Usually above this text, there is a picture of an artist or band posing ceremoniously for a photographer with the intent of public distribution. You will be hard-pressed to find any photos like this of Thom Bell. A photo of him accepting a prestigious award is more than symbolic of his career. Much like the career of this masterful producer, arranger, and songwriter, the preference for substance over style resounds in his own unforgettable musical legacy. Though he was never found on stage crooning fervent soul classics like Marvin Gaye or Otis Redding, Bell’s work behind the scenes made him arguably the most important figure of soul music throughout the 1970s. Born in Jamaica but raised in Philadelphia, Bell found his love for music very early in life while studying classical piano at the age of 5. Working diligently throughout his childhood, Bell’s recognition rose fast and he was conducting and arranging songs for local groups by his late teens. When Bell caught his first break and a major label (Cameo Records) came calling in 1967, he was only 24 years old. While Marvin Gaye, James Brown, and Sam Cooke among many others had popularized their own form of soul music before Bell’s national inception, Bell introduced a style to the world that would later be dubbed “Philly Soul”. Seeking solace in sweeping strings, endearing horns, and other grandiose orchestral arrangements, this smooth stylistic innovation brought enormous success to Bell’s name throughout the 3 major groups he worked with: The Delfonics, The Stylistics, and The Spinners.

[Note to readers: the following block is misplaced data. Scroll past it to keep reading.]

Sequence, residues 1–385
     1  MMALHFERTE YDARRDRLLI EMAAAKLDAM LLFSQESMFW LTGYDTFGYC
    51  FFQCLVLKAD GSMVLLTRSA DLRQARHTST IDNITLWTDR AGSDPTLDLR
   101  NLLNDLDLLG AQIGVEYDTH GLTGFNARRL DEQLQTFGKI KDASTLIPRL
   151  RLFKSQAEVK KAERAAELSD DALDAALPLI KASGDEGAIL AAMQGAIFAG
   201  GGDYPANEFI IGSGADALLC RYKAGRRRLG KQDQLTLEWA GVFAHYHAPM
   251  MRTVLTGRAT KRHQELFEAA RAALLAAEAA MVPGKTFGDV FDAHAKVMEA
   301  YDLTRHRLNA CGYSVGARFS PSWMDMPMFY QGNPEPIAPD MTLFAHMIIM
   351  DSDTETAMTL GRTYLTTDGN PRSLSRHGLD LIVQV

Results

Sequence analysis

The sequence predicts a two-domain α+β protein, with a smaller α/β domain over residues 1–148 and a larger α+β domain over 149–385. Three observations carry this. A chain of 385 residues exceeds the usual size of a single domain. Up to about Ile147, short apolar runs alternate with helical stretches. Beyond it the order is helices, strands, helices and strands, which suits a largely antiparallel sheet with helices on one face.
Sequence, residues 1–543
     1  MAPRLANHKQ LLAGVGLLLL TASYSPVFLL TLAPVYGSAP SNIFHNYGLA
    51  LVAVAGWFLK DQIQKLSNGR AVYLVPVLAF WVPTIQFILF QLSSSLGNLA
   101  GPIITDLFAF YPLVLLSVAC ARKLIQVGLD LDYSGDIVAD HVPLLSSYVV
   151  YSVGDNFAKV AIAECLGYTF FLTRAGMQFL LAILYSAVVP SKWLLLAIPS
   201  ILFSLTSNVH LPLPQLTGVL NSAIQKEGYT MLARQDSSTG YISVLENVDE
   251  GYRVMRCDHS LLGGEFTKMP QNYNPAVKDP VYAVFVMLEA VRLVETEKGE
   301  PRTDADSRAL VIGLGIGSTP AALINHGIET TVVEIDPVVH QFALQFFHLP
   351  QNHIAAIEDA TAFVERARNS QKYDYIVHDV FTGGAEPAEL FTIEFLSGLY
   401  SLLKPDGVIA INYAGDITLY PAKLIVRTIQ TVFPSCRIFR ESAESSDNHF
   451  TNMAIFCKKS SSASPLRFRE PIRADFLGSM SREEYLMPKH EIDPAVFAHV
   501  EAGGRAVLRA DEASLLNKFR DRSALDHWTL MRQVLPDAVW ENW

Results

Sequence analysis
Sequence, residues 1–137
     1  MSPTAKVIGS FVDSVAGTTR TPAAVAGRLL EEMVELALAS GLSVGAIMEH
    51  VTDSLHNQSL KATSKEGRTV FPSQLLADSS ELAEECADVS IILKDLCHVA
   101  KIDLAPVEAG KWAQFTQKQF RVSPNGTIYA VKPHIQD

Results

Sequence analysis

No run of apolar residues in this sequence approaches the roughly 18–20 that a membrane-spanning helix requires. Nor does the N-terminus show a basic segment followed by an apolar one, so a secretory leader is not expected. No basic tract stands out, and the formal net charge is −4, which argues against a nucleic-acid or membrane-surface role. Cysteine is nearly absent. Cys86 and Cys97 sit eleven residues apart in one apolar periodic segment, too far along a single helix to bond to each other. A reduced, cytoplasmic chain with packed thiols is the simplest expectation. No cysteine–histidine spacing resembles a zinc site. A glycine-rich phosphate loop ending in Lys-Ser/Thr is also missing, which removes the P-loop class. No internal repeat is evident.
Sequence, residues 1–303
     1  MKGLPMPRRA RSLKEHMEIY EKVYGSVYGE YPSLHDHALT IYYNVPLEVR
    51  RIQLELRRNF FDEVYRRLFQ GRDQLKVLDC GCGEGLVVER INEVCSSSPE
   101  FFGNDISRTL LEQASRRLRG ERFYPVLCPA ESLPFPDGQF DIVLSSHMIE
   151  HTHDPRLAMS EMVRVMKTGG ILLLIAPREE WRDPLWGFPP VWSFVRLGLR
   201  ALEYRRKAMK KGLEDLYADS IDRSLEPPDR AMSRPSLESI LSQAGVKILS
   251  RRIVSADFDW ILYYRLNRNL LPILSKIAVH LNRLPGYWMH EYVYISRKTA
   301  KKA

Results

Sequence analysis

When Cameo Records approached Bell with the intentions to produce the then-aspiring The Delfonics, he was a mere session pianist for the label. However, upon seeing his impeccable grasp regarding production and arranging, the label knew that Bell was the right man for the job. Almost immediately, Bell and The Delfonics’ manager, Stan Watson, formed the Philly Groove label in association with Bell Records (no relation to Thom Bell). Under the label, Bell produced The Delfonics’ classic debut album, La La Means I Love You, in 1968 and introduced his form of Philly Soul to a wide range of audiences. Under Bell, The Delfonics later went on to become one of the most memorable soul acts of the decade. Though they never quite echoed the sales of The Stylistics, The Spinners, or The O’Jays, their cult following continues to grow and brilliant gems like “I’m Sorry” and “Didn’t I (Blow Your Mind This Time)” are absolutely irresistible, the latter receiving a bit of revived exposure in 1997 when Quentin Tarantino used it as a focal song in his entertaining film, Jackie Brown. Bell produced and wrote three albums for The Delfonics from 1968 to 1970, all of them being fantastic. I recommend all three wholeheartedly, or at least their greatest hits. Like all three of the soul acts Bell primarily worked with during his career, they declined after Bell left. Despite The Delfonics’ brief time in the spotlight, their success gave Bell the vehicle to expose his irresistible style of suave soul to the world. This led to bigger and brighter things, establishing Bell in the early ’70s as one of the most sought-after songwriters and producers in the music industry.